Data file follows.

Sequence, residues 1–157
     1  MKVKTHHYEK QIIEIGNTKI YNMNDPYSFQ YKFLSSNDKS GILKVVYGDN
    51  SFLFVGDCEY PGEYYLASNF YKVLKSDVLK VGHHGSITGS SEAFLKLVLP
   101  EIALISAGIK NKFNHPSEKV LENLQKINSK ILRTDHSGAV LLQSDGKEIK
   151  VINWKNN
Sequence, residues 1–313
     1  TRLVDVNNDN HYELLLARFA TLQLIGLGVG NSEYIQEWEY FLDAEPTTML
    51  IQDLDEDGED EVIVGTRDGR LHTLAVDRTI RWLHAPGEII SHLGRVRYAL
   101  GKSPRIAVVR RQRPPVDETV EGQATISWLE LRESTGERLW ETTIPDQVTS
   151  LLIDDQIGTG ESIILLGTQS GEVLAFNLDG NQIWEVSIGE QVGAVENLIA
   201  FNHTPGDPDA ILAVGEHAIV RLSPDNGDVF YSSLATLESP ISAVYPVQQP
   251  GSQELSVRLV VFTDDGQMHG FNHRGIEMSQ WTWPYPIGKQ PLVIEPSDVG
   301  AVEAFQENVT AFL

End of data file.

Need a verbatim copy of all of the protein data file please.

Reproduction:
Sequence, residues 1–157
     1  MKVKTHHYEK QIIEIGNTKI YNMNDPYSFQ YKFLSSNDKS GILKVVYGDN
    51  SFLFVGDCEY PGEYYLASNF YKVLKSDVLK VGHHGSITGS SEAFLKLVLP
   101  EIALISAGIK NKFNHPSEKV LENLQKINSK ILRTDHSGAV LLQSDGKEIK
   151  VINWKNN
Sequence, residues 1–313
     1  TRLVDVNNDN HYELLLARFA TLQLIGLGVG NSEYIQEWEY FLDAEPTTML
    51  IQDLDEDGED EVIVGTRDGR LHTLAVDRTI RWLHAPGEII SHLGRVRYAL
   101  GKSPRIAVVR RQRPPVDETV EGQATISWLE LRESTGERLW ETTIPDQVTS
   151  LLIDDQIGTG ESIILLGTQS GEVLAFNLDG NQIWEVSIGE QVGAVENLIA
   201  FNHTPGDPDA ILAVGEHAIV RLSPDNGDVF YSSLATLESP ISAVYPVQQP
   251  GSQELSVRLV VFTDDGQMHG FNHRGIEMSQ WTWPYPIGKQ PLVIEPSDVG
   301  AVEAFQENVT AFL